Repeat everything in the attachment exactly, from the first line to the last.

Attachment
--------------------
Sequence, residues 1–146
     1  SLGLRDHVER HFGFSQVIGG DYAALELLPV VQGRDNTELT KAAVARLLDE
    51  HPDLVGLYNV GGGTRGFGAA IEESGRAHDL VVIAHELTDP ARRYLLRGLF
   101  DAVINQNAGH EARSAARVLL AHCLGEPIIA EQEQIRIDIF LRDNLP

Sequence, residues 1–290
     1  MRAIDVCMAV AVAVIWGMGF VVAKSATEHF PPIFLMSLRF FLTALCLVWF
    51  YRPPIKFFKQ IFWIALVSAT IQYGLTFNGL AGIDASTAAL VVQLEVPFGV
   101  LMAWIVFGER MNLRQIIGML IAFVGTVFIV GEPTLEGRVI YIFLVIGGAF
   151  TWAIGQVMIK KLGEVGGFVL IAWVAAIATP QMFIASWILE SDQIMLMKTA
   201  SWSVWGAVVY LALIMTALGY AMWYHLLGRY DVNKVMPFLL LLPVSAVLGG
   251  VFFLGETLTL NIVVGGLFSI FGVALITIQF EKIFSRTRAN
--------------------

Sequence, residues 1–146
     1  SLGLRDHVER HFGFSQVIGG DYAALELLPV VQGRDNTELT KAAVARLLDE
    51  HPDLVGLYNV GGGTRGFGAA IEESGRAHDL VVIAHELTDP ARRYLLRGLF
   101  DAVINQNAGH EARSAARVLL AHCLGEPIIA EQEQIRIDIF LRDNLP

Sequence, residues 1–290
     1  MRAIDVCMAV AVAVIWGMGF VVAKSATEHF PPIFLMSLRF FLTALCLVWF
    51  YRPPIKFFKQ IFWIALVSAT IQYGLTFNGL AGIDASTAAL VVQLEVPFGV
   101  LMAWIVFGER MNLRQIIGML IAFVGTVFIV GEPTLEGRVI YIFLVIGGAF
   151  TWAIGQVMIK KLGEVGGFVL IAWVAAIATP QMFIASWILE SDQIMLMKTA
   201  SWSVWGAVVY LALIMTALGY AMWYHLLGRY DVNKVMPFLL LLPVSAVLGG
   251  VFFLGETLTL NIVVGGLFSI FGVALITIQF EKIFSRTRAN